When April is approaching and your NBA team still has a single-digit tally in the win column, the pain is quite apparent. But until Nerlens Noel spoke candidly about the frustration of an ever-growing list of losses last night, most of what we had to go on was speculation.
Speaking to The Inquirer's Keith Pompey, Noel opened up about the effects of losing so many games in a Sixers uniform:
Sometimes it's tougher than other times. When you feel that it starts affecting you personally, you do your best to try to make it turn [in the right direction]. But it's been a long year, especially this one, and dealing with a lot more [losses].
I think this year I had to deal with a lot more than I have the past couple. It has been the toughest year for me this year. I think I've done the best possible [job] just staying uplifted and continuing to play my game no matter what circumstances, whether playing out of position or doing things that I wasn't comfortable with.
The human repercussions have long been hanging over the Sixers, with the team betting they could ward off the sting of losses with incremental progress and a steady injection of talent over time. That obviously hasn't happened the way any of us might have expected; selecting injured or overseas players the first couple years effectively pushed the timeline back, while the addition of another big last offseason provided trouble with regard to on-court chemistry.
Watching or hearing a player like Noel get worn down by the losing is particularly depressing. His style of play stems from frenetic energy and athleticism, second jumps powering him to multiple blocks at the rim and defensive mastery at his best. The longer the season has worn on, the less that bounce seems apparent, even as his field-goal percentage has climbed to 12th in the NBA.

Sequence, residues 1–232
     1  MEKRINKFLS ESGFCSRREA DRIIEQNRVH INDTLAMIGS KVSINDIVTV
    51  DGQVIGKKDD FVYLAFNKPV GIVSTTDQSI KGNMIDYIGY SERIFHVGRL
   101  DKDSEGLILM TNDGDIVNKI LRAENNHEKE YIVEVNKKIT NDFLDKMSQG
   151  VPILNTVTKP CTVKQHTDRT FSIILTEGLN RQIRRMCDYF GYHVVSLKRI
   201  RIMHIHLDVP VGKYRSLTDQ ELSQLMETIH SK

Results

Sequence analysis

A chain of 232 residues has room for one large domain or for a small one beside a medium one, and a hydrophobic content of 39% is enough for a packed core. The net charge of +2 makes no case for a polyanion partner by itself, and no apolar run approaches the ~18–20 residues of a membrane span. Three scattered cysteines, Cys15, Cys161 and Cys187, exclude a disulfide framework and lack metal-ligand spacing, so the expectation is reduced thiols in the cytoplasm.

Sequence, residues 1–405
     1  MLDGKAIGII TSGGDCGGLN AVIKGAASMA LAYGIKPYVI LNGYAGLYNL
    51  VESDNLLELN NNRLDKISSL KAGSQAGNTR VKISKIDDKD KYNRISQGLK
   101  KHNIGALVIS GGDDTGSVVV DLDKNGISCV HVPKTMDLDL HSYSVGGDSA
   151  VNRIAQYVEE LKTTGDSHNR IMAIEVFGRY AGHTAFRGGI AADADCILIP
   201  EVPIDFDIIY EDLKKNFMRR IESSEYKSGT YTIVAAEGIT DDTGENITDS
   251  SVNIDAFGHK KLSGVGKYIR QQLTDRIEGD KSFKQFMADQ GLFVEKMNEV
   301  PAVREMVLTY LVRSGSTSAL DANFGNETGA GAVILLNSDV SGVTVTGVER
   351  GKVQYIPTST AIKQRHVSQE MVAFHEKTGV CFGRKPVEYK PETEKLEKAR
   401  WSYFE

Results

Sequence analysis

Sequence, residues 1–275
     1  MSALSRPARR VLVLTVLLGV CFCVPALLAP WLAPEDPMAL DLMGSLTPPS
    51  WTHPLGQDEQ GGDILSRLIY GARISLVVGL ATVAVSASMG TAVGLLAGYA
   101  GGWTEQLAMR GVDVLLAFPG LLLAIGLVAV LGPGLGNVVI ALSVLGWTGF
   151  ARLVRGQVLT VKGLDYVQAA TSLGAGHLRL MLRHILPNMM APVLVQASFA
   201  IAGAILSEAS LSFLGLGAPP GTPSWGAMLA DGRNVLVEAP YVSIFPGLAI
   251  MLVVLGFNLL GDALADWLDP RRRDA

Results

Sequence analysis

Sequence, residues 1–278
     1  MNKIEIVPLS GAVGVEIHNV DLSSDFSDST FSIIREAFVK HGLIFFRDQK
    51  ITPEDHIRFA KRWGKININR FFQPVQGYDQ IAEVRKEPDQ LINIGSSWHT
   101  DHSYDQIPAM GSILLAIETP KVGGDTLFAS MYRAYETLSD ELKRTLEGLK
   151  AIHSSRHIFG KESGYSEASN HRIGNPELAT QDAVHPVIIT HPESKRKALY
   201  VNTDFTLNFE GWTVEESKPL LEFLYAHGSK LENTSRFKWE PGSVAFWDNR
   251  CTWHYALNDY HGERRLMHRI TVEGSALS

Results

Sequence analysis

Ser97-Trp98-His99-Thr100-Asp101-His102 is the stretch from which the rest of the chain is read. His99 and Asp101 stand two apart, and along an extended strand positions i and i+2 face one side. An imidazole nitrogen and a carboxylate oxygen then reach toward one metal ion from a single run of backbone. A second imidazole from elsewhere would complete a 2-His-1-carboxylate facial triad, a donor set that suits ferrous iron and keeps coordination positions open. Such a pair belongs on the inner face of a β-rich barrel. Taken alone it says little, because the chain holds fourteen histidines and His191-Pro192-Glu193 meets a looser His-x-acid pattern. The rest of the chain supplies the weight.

I don't think anyone would question Noel being a "good soldier" for the team -- it's quite remarkable no *anonymous players* have fed stories to reporters about discontent during this debauchery -- but there have been times throughout the season when you can see his heart isn't truly in it. You can only get your ass kicked or lose in heartbreaking fashion so many times before it feels like a Dementor is sucking the soul out of your body.
The lack of roster growth and spreading of value between the five positions has hurt the Sixers on a myriad of levels this season. Selling out for the cornerstone player, fit be damned is a defensible position to take. But the investment of resources being stockpiled in one spot is a problem the team has to deal with moving forward, to maximize development and start growing something closer to a real team. That's not a catch-all excuse -- Noel hasn't been at his best even when given more minutes at his natural five spot -- but it's a major part of the equation.
Barring that, the Sixers risk further wearing down the psyches of the few precious players they have, and that's simply not acceptable.